Taylor Swift's Speak Now Joins The Legacy Of Great Third Albums

Though she has never really left our consciousness in the two years since Fearless first came out, it still seems like it has been a while since Taylor Swift released an album. But all that waiting is finally over, as Speak Now is out now. The album is a big step for Swift for a number of reasons, as not only does it represent something of a thematic departure for her (in the sense that each song is about a particular person, and they make up a narrative of the last year of her life) but it also means she is at a turning point, as it's her third album.

For any artist who intends on sticking around for the long term, the third album may be the most important. It's always too easy to dismiss a hit debut as a fluke, and a second album tends to be rushed or caught up in the process of actually making a second album (the first album is usually a summation of years of thought and considering; second albums tend to take about six months). The third album is the first chance that the artist really gets to stretch his or her wings as well as solidify exactly what the sound is supposed to be. It's the gateway to the rest of a career, and it can be make or break.

By all accounts, Speak Now is a make, and it takes its place alongside these other important third albums.

Radiohead, OK Computer

Up until the release of OK Computer, Radiohead were simply an interesting guitar band who had one fluke hit ("Creep") and a second album that was considered (at the time, at least) to be surprisingly good and refreshing. But the entire script changed on OK Computer, as the band began its slow movement away from traditional rock sounds and into the outer reaches of electronic music. Kid A was probably the purer form of what Radiohead really wanted to accomplish, but OK Computer is everything that Radiohead is, was and always will be.

Led Zeppelin, Led Zeppelin III

Another powerful album that represented a huge transition, Led Zeppelin III began the greatest band of the 1970s' move from pounding stadium blues riffs into more experimental bits and brief snatches of folk and psychedelia. But they hadn't given up on making a big racket, as the album opens with the gargantuan "Immigrant Song," which may be the three minutes that best describes Led Zep's sound.

Kanye West, Graduation

West has stuck to his guns from jump street, but his first two albums only hinted at the wide-angle weirdness that would appear on Graduation. From the haunting mood music of "Good Morning" through the pimptastic "Good Life" and the dreamy "Homecoming," Graduation provides the first hints of the darkest corners of West's complicated psychology and everybody-is-on-the-guest-list approach to sounds.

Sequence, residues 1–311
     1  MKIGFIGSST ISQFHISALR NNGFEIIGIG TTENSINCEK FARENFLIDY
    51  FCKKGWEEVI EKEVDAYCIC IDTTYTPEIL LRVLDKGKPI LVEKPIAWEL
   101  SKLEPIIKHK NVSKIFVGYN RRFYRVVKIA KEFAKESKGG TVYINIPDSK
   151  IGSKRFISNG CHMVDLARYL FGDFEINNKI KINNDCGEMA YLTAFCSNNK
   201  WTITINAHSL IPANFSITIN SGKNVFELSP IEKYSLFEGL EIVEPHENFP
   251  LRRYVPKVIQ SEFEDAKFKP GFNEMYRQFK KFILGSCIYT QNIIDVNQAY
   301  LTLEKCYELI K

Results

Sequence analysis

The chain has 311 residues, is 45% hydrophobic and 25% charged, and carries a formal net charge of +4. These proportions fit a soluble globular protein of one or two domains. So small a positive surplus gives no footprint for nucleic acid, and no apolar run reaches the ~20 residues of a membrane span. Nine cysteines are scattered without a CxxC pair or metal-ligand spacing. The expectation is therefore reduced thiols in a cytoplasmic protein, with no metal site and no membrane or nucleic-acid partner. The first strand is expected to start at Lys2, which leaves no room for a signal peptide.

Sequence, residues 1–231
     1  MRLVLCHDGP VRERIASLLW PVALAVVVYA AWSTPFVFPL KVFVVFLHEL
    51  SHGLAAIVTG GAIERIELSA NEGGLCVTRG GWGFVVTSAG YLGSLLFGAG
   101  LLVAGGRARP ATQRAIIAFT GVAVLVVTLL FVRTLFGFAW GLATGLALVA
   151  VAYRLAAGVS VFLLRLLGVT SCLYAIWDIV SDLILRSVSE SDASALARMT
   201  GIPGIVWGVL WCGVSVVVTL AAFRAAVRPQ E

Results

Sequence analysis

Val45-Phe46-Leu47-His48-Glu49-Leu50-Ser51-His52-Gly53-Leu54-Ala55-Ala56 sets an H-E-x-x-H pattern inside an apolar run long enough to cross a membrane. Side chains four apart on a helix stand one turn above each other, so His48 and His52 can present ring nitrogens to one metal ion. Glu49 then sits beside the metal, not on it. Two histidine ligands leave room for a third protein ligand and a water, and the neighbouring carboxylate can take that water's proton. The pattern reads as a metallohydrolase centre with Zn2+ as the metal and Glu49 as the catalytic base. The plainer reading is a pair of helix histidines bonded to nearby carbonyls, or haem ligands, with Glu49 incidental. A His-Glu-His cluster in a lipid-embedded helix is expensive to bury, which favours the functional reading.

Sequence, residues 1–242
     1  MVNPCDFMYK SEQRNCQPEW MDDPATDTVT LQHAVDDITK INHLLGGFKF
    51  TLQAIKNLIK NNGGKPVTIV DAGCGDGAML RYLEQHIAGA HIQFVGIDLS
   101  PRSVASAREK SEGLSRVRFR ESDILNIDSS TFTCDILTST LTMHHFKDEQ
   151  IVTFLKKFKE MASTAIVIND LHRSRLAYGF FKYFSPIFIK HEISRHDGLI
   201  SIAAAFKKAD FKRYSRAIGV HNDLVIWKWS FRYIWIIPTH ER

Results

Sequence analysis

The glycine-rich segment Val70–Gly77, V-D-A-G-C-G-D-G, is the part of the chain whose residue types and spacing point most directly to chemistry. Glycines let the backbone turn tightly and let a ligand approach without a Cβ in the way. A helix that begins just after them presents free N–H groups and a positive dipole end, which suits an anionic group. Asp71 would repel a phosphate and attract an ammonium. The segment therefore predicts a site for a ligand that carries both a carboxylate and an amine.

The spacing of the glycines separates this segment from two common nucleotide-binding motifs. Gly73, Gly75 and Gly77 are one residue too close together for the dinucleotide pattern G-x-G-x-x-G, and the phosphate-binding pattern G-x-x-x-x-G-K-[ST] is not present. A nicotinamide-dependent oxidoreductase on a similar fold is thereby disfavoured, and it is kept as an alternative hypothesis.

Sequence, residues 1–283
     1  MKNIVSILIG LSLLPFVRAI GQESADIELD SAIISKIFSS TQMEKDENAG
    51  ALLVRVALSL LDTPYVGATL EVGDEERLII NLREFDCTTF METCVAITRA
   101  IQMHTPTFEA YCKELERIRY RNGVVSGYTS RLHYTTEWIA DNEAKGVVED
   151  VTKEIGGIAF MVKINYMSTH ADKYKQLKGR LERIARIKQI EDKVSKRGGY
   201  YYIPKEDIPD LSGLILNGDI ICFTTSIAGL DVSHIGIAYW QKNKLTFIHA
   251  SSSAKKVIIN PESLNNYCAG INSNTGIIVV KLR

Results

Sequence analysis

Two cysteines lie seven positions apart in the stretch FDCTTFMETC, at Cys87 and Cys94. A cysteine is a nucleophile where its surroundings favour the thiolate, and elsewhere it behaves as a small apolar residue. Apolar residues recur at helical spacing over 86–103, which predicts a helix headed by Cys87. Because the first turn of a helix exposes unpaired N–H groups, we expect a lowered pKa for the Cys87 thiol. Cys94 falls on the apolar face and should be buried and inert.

The White Stripes, White Blood Cells

The White Stripes were a name passed around among indie enthusiasts near the turn of the millennium, and while their rugged guitar-and-drum sound was developing a following and becoming more elaborate on their first two albums, White Blood Cells made Jack and Meg White into stars.

U2, War

Everybody pretty much knew that U2 were going to be huge, but it took until War for them to really find their wings. War opened up the production (especially on the Edge's guitar sound) and let Bono's voice reach higher than it ever had. Plus, War contained some of the band's biggest hits, including "Sunday Bloody Sunday" and "New Year's Day."

Jay-Z, Vol. 2 ... Hard Knock Life

Jigga was already a legend in the hip-hop world by the time Vol. 2 ... Hard Knock Life came out, but his third album began his transition into becoming a pop superstar. Of course, not every song on the album is the "Annie"-sampling "Hard Knock Life (Ghetto Anthem)" (it also includes plenty of hardcore street tales), but his willingness to cross over (and in such an inventive way) gave Vol. 2 the energy that carried Jay to international superstar status.

Nirvana, In Utero

It's a shame that Nirvana's third album was also their last, as the ideas hinted at on In Utero are fascinating. It seems likely that frontman Kurt Cobain was going to head even deeper down the Steve Albini-assisted noise rock rabbit hole, though In Utero also made audiences re-consider the breakout smash Nevermind (as Cobain often complained about the production on that album).

Metallica, Master of Puppets

Though both Kill 'Em All and Ride the Lightning are stunning displays of surging volume and technical virtuosity, Master of Puppets outed the men of Metallica as pretty good songwriters. The title track is the centerpiece, but the album manages to hit the sweet spot between pop and brutality in ways that few heavy bands have managed.

What's your favorite third album? Let us know in the comments!